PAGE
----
Nursing homes: Dublin in line to get 1,500 beds

More than 250 beds in private nursing homes to open this month following deal

Nursing homes: Dublin in line to get 1,500 beds

A shortage of nursing home places, particularly in Dublin, is a major factor causing hospital overcrowding.  Photograph: Bryan O’Brien/The Irish Times

A shortage of nursing home places, particularly in Dublin, is a major factor causing hospital overcrowding. Photograph: Bryan O’Brien/The Irish Times

A severe shortage of nursing home places in the Dublin area is set to ease with the creation of 1,500 privately run beds over the next five years.

More than 250 of the beds will be made available in private nursing homes by the end of this month following a pricing deal struck by the Health Service Executive and two private operators, The Irish Times has learned.

The successful conclusion of price talks between the National Treatment Purchase Fund, the arm of the HSE that negotiates with nursing homes on behalf of the State, and the two companies contrasts with the failure of negotiations with other private operators.

Hundreds of beds in new nursing homes in Dublin are lying idle because the owners feel the fees being offered by the fund under the Fair Deal nursing home scheme are too low.

Carechoice Group

Under the new deal, the fund has agreed a price of €1,150 per bed per week to Carechoice Group Ltd. The first of the Carechoice homes opened in early November at Malahide Cross, offering 165 new beds.

The fund has also agreed to pay Ardmore Care Home Group Ltd a price of €1,080 per bed per week. The first of Ardmore’s homes will be opening in a few weeks’ time near Finglas, offering 89 beds.

A shortage of nursing home places, particularly in Dublin, is a major factor causing hospital overcrowding. Every day, hundreds of well patients continue to occupy hospital beds because there are no stepdown facilities to which they can be discharged. The number of delayed discharges peaked at more than 800 earlier in the year but has fallen to about 520 since extra funding was provided for the Fair Deal scheme.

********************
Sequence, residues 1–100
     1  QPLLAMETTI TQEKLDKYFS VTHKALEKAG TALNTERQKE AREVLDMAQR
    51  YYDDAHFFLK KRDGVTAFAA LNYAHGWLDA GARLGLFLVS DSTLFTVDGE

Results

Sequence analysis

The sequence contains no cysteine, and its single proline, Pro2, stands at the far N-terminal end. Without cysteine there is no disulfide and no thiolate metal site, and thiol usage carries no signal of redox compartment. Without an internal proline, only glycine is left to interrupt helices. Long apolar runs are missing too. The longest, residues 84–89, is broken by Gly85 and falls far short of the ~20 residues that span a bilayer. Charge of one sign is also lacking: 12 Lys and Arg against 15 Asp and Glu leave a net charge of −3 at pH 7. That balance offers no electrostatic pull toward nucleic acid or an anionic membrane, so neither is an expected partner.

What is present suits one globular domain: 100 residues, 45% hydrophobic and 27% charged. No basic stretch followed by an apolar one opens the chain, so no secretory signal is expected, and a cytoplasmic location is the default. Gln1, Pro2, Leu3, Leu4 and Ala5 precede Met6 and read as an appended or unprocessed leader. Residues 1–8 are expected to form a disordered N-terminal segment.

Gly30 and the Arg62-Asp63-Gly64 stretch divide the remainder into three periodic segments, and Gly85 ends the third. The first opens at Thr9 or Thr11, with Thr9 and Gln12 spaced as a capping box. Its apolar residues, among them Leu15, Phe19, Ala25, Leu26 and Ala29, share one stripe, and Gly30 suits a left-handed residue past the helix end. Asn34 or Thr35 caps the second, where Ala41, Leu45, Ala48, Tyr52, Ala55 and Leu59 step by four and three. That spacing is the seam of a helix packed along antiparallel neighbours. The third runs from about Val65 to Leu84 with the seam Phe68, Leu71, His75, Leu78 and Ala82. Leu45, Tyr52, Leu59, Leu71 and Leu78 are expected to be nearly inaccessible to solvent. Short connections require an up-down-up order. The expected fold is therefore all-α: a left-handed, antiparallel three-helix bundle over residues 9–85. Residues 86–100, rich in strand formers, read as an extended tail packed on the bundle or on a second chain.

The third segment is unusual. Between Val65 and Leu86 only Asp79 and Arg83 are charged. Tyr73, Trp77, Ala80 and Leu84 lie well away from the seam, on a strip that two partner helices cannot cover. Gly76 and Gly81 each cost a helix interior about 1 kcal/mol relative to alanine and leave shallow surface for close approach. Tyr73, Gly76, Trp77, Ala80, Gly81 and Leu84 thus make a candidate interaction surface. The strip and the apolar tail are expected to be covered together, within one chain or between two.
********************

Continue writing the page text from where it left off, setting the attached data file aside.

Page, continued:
Under Fair Deal, the fund has a remit to negotiate prices with nursing homes on behalf of the State. This remit extends solely to private and voluntary nursing homes. It has no role in setting standards for nursing homes or negotiating fees on behalf of residents.

According to the NTPF website, factors such as reasonable costs, prices previously charged, local market price and budgetary constraints are taken into account when negotiating prices. A two-stage review process takes place where talks break down but there is no independent appeals mechanism.

Nursing Homes Ireland, which represents private operators, claims the State is effectively imposing a rate on its members, arrived at through an “unscientific” approach.

“The rate of new build of nursing homes has fallen by two-thirds in recent years due to the intransigence of the NTPF on pricing,” said chief executiveTadhg Daly.

The lack of an independent appeals process was a “huge issue” for private nursing home owners, he said.

The fund maintains it has clear and established systems for agreeing prices, based on strict criteria as well as benchmarked prices and norms.

A group set up to review the Fair Deal scheme met in the Department of Health last week and is expected to draw up proposals for an independent appeals mechanism.

/ Industry News

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